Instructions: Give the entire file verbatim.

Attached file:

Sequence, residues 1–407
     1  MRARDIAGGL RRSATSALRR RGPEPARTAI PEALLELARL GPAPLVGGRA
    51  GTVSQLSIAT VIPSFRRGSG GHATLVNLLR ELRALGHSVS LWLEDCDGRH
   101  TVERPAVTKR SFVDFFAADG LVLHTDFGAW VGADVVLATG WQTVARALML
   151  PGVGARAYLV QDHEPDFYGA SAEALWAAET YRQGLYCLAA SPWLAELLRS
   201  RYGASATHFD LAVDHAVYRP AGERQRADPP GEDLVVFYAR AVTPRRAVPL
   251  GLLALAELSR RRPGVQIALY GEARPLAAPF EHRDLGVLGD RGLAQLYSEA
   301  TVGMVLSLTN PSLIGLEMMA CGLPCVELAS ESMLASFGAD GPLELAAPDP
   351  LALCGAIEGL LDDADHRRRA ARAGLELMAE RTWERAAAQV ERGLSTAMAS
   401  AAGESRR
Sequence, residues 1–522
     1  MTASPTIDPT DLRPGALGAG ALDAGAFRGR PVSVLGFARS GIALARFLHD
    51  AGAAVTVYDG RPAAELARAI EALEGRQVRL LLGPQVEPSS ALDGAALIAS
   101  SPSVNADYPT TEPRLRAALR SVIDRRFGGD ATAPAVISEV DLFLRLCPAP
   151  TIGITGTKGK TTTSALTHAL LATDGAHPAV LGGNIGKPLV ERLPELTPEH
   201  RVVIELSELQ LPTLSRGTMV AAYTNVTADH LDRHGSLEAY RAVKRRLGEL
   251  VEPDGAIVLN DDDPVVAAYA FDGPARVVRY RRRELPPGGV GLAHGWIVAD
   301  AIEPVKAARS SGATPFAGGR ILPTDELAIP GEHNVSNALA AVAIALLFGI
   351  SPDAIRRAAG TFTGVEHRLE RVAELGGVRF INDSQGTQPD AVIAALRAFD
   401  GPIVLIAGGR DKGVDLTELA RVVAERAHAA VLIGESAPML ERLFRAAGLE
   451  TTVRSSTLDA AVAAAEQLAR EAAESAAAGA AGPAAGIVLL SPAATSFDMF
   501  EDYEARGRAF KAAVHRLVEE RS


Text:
Sequence, residues 1–407
     1  MRARDIAGGL RRSATSALRR RGPEPARTAI PEALLELARL GPAPLVGGRA
    51  GTVSQLSIAT VIPSFRRGSG GHATLVNLLR ELRALGHSVS LWLEDCDGRH
   101  TVERPAVTKR SFVDFFAADG LVLHTDFGAW VGADVVLATG WQTVARALML
   151  PGVGARAYLV QDHEPDFYGA SAEALWAAET YRQGLYCLAA SPWLAELLRS
   201  RYGASATHFD LAVDHAVYRP AGERQRADPP GEDLVVFYAR AVTPRRAVPL
   251  GLLALAELSR RRPGVQIALY GEARPLAAPF EHRDLGVLGD RGLAQLYSEA
   301  TVGMVLSLTN PSLIGLEMMA CGLPCVELAS ESMLASFGAD GPLELAAPDP
   351  LALCGAIEGL LDDADHRRRA ARAGLELMAE RTWERAAAQV ERGLSTAMAS
   401  AAGESRR
Sequence, residues 1–522
     1  MTASPTIDPT DLRPGALGAG ALDAGAFRGR PVSVLGFARS GIALARFLHD
    51  AGAAVTVYDG RPAAELARAI EALEGRQVRL LLGPQVEPSS ALDGAALIAS
   101  SPSVNADYPT TEPRLRAALR SVIDRRFGGD ATAPAVISEV DLFLRLCPAP
   151  TIGITGTKGK TTTSALTHAL LATDGAHPAV LGGNIGKPLV ERLPELTPEH
   201  RVVIELSELQ LPTLSRGTMV AAYTNVTADH LDRHGSLEAY RAVKRRLGEL
   251  VEPDGAIVLN DDDPVVAAYA FDGPARVVRY RRRELPPGGV GLAHGWIVAD
   301  AIEPVKAARS SGATPFAGGR ILPTDELAIP GEHNVSNALA AVAIALLFGI
   351  SPDAIRRAAG TFTGVEHRLE RVAELGGVRF INDSQGTQPD AVIAALRAFD
   401  GPIVLIAGGR DKGVDLTELA RVVAERAHAA VLIGESAPML ERLFRAAGLE
   451  TTVRSSTLDA AVAAAEQLAR EAAESAAAGA AGPAAGIVLL SPAATSFDMF
   501  EDYEARGRAF KAAVHRLVEE RS